Re: Goldilocks world

From: Bruno Marchal <>
Date: Mon, 28 Nov 2005 16:04:10 +0100

Hi John,

> Bruno,Hi,
> thanks for your speedy and considerate answer. Your
> examples are so simplistic, as only the science of
> logic can provide. Let me try better examples:
> --- Bruno Marchal <> wrote:
> " For example you can know that "1+1 = 3" is false,
> but
>> in that case you know the *truth* of the proposition
>> " "1+1=3" is false".
> Could we figure anything beyond 101 elementary school
> arithmetics?

Why? The point is just to agree (or agree that we disagree) on some
definition. The point is that nobody can know "something false", as
opposed to knowing that some proposition is false. It is better to
illustrate such nuance with elementary propositions nobody (really)
doubt about (of the kind 1+1 = 2, or "1+1 = 3" is false).

> E.g.: People and scientists, priests, etc. KNEW for
> many centuries, including the early medieval ages that
> the Earth is the center of the world and everything
> rotates around it.

They knew that? Or they believed that ? I don't think it makes sense
to say they knew that, unless you have another definition of knowledge.
It is up to you to explain the difference between belief and knowledge.
Epistemologist generally agree that knowledge verify the

Bp -> p

formula (If I know p then p is true). This is just because the truth is
put in the knowledge by definition. If not, it means we talk on
beliefs. Of course many people pretend that they know some proposition,
and occasionally they are wrong: but then they say (if honest): "ok I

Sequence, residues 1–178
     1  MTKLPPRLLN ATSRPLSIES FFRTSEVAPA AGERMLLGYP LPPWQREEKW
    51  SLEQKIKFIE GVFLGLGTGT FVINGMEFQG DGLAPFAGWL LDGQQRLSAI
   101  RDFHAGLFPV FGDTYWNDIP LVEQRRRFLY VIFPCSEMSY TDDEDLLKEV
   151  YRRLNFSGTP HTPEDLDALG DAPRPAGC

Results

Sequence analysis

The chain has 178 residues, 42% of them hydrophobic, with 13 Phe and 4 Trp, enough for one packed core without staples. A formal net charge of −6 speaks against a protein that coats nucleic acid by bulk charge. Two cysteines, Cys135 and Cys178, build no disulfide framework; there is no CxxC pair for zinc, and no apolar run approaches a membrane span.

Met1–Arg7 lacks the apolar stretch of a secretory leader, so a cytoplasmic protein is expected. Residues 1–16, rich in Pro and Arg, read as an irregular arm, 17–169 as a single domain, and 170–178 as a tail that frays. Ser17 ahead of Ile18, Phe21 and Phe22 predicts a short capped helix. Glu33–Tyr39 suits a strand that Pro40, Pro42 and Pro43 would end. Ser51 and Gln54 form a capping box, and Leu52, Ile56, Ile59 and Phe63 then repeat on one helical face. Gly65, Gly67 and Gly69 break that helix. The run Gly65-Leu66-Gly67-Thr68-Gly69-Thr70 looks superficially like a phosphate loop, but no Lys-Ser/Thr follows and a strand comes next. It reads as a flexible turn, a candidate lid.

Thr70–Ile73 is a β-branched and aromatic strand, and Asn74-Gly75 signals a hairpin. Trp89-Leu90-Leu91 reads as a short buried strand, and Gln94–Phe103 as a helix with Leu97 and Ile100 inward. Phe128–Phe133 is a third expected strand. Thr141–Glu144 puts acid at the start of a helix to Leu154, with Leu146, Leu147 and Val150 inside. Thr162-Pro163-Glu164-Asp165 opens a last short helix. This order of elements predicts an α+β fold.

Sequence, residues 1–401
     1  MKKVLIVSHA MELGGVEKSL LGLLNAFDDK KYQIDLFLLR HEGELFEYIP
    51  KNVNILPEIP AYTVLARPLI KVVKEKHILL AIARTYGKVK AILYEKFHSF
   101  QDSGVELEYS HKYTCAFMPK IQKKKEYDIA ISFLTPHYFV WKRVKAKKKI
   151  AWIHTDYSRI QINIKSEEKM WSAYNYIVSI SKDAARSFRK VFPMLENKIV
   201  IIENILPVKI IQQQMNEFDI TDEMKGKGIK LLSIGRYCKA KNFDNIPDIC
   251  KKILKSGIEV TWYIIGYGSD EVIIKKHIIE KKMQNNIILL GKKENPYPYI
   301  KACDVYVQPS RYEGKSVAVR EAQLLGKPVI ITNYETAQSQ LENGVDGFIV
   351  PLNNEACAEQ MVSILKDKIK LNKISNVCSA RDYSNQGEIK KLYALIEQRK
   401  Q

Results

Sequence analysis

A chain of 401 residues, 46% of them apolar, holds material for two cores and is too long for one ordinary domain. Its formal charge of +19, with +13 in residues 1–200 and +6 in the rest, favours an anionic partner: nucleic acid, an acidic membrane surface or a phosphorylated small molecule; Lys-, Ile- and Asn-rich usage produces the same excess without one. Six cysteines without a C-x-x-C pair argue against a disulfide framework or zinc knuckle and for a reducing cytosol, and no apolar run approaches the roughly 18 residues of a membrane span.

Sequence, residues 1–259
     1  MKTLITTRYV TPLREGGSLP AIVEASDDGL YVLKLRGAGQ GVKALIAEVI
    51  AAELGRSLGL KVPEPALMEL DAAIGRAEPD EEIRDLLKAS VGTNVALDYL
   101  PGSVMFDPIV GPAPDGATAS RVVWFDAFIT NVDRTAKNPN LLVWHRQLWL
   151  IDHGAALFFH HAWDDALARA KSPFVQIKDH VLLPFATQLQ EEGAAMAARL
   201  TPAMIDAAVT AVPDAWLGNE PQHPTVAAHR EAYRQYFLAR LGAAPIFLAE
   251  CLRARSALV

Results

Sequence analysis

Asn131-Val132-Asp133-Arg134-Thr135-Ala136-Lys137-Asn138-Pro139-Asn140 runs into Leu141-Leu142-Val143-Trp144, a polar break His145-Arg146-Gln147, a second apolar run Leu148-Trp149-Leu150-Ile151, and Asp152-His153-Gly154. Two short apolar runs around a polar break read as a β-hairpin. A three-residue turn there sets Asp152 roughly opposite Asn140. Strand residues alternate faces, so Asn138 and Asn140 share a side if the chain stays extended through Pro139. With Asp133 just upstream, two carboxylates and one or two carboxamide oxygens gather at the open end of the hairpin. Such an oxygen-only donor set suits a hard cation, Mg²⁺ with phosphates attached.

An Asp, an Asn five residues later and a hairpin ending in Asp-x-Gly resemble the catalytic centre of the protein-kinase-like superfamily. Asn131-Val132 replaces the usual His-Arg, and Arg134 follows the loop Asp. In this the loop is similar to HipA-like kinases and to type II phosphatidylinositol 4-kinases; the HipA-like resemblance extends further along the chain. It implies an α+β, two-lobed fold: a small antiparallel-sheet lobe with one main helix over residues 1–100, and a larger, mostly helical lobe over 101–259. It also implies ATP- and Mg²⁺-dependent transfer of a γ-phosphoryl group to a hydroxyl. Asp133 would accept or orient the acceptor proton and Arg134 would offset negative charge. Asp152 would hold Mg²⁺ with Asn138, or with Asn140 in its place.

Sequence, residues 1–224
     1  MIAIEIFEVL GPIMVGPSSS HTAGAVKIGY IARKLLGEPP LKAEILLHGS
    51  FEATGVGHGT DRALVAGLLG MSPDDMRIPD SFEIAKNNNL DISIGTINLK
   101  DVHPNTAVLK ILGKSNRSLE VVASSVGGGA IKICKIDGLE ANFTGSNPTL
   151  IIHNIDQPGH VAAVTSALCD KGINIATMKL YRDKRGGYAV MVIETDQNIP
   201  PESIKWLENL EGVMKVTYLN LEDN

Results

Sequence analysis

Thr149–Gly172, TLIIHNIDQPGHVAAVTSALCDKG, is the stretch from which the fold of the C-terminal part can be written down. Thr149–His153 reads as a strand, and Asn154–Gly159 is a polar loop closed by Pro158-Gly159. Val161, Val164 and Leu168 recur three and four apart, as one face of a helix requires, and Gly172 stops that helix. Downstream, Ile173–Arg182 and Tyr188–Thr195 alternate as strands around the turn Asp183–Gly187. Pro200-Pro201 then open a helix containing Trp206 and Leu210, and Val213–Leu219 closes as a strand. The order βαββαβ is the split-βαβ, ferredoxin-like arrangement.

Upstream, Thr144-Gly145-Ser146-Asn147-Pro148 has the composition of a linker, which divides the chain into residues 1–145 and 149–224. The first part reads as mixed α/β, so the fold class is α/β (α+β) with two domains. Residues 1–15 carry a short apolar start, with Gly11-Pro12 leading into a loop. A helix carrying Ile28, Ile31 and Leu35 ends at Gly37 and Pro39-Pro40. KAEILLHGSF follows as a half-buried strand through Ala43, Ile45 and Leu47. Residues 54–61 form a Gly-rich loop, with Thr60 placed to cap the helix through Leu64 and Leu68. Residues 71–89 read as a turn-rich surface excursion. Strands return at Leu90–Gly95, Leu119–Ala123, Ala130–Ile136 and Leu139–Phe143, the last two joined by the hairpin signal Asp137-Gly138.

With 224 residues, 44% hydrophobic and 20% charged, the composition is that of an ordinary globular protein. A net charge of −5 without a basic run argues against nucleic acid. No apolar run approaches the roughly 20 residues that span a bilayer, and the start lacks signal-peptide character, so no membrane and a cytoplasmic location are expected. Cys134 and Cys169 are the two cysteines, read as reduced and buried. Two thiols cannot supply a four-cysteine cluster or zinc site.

was wrong but I believed it", they does not say "ok I was wrong but I
knew it".
And I do think our definition should be coherent with the way we talk,
unless there is a big reason to depart from the traditional use.

> Then came Copernicus and said: this
> is wrong, the sun is the middlepoint. And people
> though reluctantly, believed it. Then came
> cosmologists and said that is wrong, there is NO
> center, everything - including the Sun is moving
> around. And people believed it finally, in droves.
> Until Eistein came around and procalimed: nothing
> moves around anything, because all movement is
> relative to the others, ---
> the notion that everything rotates around the Earth is
> just as true as any other belief put forward ever
> since. (Warum habe wir die Kröten gefressen?)

But this oscillation is a quite complex things, and the usage of the
word "knowing" here is quite sophisticated (that is why I did limit
myself to very elementary arithmetic exemple).
All what I can say is that if the earh is at the center of the world
then the priest knew it, and poor of us, we believe (wrongly) the
contrary. If the earth is not at the center of the world then the
priests did believed (wrongly) that, and we know better.
But your example includes a notion of relativity which limits its use
for making clear the difference between the notion of belief and

> Popper had the idea that
> nothing in science can be proven as true, only
> falsification is possible, does that mean that all
> science is false?

It just means that all (empirical) science is uncertain.
Actually a large part of analytical science is also uncertain but for
different reasons (and then with comp it can be shown that there are
relations between those different sort of uncertainties), but it would
be senseless to mention them before we agree on the basic vocabulary.

Received on Mon Nov 28 2005 - 11:08:13 PST

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